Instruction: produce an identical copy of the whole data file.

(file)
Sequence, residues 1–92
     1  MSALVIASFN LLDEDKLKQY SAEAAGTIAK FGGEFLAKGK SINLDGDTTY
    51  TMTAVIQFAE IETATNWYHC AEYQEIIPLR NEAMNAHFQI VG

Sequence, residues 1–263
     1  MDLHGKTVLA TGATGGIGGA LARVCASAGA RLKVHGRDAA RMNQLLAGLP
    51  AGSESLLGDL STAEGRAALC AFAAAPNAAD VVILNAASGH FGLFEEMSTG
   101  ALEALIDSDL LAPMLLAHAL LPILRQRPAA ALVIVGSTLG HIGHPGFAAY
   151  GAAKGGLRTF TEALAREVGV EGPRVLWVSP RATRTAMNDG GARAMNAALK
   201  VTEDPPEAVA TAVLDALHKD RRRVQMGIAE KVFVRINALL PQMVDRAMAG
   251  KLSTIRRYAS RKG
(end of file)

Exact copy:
Sequence, residues 1–92
     1  MSALVIASFN LLDEDKLKQY SAEAAGTIAK FGGEFLAKGK SINLDGDTTY
    51  TMTAVIQFAE IETATNWYHC AEYQEIIPLR NEAMNAHFQI VG

Sequence, residues 1–263
     1  MDLHGKTVLA TGATGGIGGA LARVCASAGA RLKVHGRDAA RMNQLLAGLP
    51  AGSESLLGDL STAEGRAALC AFAAAPNAAD VVILNAASGH FGLFEEMSTG
   101  ALEALIDSDL LAPMLLAHAL LPILRQRPAA ALVIVGSTLG HIGHPGFAAY
   151  GAAKGGLRTF TEALAREVGV EGPRVLWVSP RATRTAMNDG GARAMNAALK
   201  VTEDPPEAVA TAVLDALHKD RRRVQMGIAE KVFVRINALL PQMVDRAMAG
   251  KLSTIRRYAS RKG